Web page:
As the holiday season approaches, the low unemployment rate has employers – especially those involved with retail – scrambling to hire workers. Amazon has figured out a novel way to bring in more new employees: pay them more. And so, Amazon announced today that effective on November 1, 2018, all U.S.-based Amazon employees, across the board, will be earning a minimum of $15.00 per hour.
In an announcement on their corporate blog, Amazon makes clear that when they say “all U.S. employees” they mean all U.S. employees, even ones, they say, that come to them through temp agencies.
It means all 250,000 regular Amazon employees, as well as more than 100,000 seasonal employees. All full-time employees, and all part-time employees.
All of them.
Said Amazon founder and CEO, Jeff Bezos, “We listened to our critics, thought hard about what we wanted to do, and decided we want to lead.”
Amazon has been criticized in the past for too-low wages, especially for the conditions under which some of their employees work.
Added Bezos, “We’re excited about this change and encourage our competitors and other large employers to join us.”
And join them they most likely will have to (and talking like Yoda we are). As the Washington Post points out in an article titled Ripple effect? Amazon’s $15 wage may help lift pay elsewhere, “Amazon’s announcement Tuesday that it will raise its minimum wage to $15 an hour will intensify pressure on other companies to lift their pay levels as well. Among the most likely to do so: Amazon’s rival retailers and warehouse operators, many of which are facing the prospect of staff shortages as they ramp up for the holiday shopping season.”
In their statement, Amazon says that they are also going to start pushing for a raise in the Federal minimum wage, which is currently set at a measly $7.25/hour.
|Read Internet Patrol Articles Right in Your Inbox as Soon as They are Published! Only $1 a Month! |
Imagine being able to read full articles right in your email, or on your phone, without ever having to click through to the website unless you want to! Just $1 a month and you can cancel at any time!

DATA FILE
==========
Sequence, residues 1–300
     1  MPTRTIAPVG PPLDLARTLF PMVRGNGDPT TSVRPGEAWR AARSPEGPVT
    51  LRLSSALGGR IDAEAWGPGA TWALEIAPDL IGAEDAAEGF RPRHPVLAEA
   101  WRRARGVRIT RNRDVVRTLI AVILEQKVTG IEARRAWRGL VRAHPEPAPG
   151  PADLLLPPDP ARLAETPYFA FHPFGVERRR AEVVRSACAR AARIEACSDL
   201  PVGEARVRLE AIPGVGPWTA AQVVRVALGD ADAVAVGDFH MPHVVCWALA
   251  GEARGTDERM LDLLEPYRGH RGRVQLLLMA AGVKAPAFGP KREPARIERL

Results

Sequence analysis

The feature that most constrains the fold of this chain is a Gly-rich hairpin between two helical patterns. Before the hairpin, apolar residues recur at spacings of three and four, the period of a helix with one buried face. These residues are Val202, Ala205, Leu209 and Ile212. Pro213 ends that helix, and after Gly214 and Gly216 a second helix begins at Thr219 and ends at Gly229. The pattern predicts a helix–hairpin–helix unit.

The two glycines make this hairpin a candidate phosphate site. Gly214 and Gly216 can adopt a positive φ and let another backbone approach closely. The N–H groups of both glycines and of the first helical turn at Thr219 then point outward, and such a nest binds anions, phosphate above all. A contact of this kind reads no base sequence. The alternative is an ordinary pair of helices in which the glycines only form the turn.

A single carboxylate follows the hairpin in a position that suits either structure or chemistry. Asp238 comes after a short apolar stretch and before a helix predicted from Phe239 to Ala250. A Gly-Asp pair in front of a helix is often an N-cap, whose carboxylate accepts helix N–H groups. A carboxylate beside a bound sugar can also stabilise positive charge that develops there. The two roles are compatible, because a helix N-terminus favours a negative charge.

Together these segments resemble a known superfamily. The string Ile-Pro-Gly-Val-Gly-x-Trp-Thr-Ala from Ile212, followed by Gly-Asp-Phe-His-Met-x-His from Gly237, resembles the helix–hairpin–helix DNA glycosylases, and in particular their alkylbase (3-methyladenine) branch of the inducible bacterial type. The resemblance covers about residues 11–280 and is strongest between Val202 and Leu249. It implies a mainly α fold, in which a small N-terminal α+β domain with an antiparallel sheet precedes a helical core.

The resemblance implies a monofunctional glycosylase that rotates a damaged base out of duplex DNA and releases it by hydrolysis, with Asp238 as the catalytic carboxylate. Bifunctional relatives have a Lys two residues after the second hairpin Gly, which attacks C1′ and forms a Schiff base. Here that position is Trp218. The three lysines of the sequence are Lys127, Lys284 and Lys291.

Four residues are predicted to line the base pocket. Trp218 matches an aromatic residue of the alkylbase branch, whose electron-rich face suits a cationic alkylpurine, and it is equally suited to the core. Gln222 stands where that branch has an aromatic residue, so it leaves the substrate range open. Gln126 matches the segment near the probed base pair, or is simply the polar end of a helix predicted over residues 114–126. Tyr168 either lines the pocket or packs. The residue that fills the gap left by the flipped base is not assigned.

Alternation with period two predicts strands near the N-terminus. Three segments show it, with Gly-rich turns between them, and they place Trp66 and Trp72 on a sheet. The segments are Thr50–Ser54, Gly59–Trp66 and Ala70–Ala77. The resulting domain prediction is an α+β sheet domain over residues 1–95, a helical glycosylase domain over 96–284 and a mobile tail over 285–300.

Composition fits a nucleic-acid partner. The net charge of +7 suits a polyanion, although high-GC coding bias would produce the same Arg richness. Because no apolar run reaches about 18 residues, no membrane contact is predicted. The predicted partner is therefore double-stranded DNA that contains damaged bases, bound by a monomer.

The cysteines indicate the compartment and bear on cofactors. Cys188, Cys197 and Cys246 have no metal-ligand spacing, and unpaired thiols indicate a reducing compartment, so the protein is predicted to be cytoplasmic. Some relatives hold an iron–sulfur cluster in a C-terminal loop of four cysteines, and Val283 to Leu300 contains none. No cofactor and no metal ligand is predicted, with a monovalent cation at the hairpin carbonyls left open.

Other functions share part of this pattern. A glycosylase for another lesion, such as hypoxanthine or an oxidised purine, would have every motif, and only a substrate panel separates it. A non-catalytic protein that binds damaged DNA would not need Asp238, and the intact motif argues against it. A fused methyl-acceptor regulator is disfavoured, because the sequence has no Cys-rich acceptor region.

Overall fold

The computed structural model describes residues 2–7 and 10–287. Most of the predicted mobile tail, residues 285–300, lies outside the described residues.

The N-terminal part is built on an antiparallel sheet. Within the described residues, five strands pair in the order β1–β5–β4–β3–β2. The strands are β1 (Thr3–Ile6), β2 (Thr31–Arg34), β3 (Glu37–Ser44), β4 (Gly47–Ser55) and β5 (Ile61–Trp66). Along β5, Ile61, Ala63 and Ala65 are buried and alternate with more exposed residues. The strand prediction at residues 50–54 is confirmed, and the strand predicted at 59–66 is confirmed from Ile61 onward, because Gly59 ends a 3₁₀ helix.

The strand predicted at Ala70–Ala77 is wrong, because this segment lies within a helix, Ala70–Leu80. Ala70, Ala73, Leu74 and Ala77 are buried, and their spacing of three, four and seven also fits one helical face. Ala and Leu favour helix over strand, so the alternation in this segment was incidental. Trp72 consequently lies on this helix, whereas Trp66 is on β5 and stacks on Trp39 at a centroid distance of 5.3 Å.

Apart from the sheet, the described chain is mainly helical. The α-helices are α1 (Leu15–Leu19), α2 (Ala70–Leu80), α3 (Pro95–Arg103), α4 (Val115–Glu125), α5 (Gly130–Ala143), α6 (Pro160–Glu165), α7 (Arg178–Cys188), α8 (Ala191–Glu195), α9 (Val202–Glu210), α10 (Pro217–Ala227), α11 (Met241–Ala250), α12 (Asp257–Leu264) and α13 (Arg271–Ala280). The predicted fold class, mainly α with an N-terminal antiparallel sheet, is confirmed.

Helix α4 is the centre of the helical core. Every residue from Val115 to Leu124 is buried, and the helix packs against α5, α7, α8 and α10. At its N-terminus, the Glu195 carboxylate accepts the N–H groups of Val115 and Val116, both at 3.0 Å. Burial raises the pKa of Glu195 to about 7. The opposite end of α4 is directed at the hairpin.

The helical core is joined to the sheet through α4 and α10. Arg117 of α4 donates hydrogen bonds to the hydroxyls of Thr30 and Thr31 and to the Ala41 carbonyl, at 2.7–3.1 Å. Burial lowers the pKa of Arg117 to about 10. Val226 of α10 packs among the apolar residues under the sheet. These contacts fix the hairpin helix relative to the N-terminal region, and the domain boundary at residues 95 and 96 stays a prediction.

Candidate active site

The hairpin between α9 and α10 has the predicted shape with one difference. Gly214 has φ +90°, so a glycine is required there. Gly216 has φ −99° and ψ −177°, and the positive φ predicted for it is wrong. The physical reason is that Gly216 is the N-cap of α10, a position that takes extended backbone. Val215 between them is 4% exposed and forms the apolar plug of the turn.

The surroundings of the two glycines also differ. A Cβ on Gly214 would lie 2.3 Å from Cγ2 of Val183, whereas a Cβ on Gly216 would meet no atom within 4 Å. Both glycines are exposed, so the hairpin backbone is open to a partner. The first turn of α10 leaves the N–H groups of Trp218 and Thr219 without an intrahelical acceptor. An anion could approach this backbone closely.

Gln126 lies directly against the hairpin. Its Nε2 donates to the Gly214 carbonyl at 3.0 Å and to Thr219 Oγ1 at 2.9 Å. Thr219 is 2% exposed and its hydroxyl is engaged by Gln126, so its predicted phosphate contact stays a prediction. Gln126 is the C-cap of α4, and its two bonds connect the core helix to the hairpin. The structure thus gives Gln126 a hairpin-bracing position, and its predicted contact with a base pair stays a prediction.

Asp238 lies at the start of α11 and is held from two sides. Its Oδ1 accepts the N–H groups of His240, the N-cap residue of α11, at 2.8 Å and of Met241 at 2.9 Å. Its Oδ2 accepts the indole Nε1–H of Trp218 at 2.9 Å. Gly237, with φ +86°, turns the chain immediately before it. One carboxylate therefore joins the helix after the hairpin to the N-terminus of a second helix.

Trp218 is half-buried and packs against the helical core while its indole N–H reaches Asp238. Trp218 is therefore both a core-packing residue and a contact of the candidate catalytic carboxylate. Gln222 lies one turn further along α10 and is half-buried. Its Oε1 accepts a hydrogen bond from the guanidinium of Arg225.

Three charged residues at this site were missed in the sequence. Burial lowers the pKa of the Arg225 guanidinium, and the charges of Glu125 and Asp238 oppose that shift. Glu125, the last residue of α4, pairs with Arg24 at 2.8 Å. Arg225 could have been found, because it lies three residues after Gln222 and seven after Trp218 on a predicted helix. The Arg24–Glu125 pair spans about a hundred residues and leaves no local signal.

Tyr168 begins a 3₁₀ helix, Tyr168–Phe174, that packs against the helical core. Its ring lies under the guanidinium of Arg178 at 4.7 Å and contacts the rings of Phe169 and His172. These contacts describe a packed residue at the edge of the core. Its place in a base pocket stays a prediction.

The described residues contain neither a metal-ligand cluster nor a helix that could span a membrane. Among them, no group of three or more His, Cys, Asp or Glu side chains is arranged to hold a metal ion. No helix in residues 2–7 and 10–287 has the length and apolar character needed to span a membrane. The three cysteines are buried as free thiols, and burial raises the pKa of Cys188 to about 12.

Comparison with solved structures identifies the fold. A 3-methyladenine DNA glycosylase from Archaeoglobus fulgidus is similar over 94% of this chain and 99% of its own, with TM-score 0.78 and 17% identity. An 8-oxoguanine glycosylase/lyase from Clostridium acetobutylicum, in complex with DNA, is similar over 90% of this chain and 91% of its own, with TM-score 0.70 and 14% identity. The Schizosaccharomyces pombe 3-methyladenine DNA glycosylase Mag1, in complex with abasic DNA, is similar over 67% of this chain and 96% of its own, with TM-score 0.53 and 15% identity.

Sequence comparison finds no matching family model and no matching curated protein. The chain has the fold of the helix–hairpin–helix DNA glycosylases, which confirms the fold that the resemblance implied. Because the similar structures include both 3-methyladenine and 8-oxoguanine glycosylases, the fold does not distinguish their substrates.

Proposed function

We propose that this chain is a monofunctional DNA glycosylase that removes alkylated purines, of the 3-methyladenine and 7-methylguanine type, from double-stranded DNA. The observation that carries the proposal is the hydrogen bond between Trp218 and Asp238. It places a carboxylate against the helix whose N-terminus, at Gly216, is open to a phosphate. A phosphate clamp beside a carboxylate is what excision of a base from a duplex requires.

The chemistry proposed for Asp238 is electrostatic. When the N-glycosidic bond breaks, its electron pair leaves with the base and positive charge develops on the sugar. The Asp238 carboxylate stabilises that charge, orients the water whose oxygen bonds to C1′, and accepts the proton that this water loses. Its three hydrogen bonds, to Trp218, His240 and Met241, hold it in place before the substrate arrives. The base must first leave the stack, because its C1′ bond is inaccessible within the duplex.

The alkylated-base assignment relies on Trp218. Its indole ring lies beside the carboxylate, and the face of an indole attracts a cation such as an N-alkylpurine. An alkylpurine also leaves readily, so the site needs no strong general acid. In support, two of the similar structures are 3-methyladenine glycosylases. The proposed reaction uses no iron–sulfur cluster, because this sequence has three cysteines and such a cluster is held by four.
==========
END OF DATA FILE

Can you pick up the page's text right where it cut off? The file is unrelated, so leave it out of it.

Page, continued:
|Or get notified of new Internet Patrol articles for free! |
According to Jay Carney, a Senior VP with Amazon, “We will be working to gain Congressional support for an increase in the federal minimum wage. The current rate of $7.25 was set nearly a decade ago. We intend to advocate for a minimum wage increase that will have a profound impact on the lives of tens of millions of people and families across this country.”
Not everybody is thrilled about either Amazon’s raising their own minimum pay to $15 an hour, nor about Amazon advocating for a higher Federal minimum wage.
In their article, the Washington Post quotes Buffalo, New York staffing agency owner Darren Moscato, who says that the Amazon pay increase “will make it harder for local businesses to compete for workers.” Amazon has a warehouse in Buffalo.
In addition, Moscato doesn’t think that Amazon pushing for a new, higher Federal minimum wage is altruistic on their part. He says it is because it will give Amazon a competitive advantage, noting that smaller companies have to spend more on labor because they don’t have the automation infrastructure that Amazon does.
Employees, however, are understandably delighted with the wage boon, and they aren’t the only ones.
Vermont Senator Bernie Sanders tweeted “What Mr. Bezos has done today is not only enormously important for Amazon’s hundreds of thousands of employees, it could well be a shot heard around the world. I urge corporate leaders around the country to follow Mr. Bezos’ lead.”, to which Bezos responded “Thank you @SenSanders. We’re excited about this, and also hope others will join in.”
What do you think of this development? We especially want to hear from you if you work in retail, or for one of Amazon’s big box competitors, or, for that matter, even if you don’t!
No Paywall Here!
The Internet Patrol is and always has been free. We don't hide our articles behind a paywall, or restrict the number of articles you can read in a month if you don't give us money.That said, it does cost us money to run the site, so if something you read here was helpful or useful, won't you consider donating something help keep the Internet Patrol free?Thank you!
|Get notified of new Internet Patrol articles! |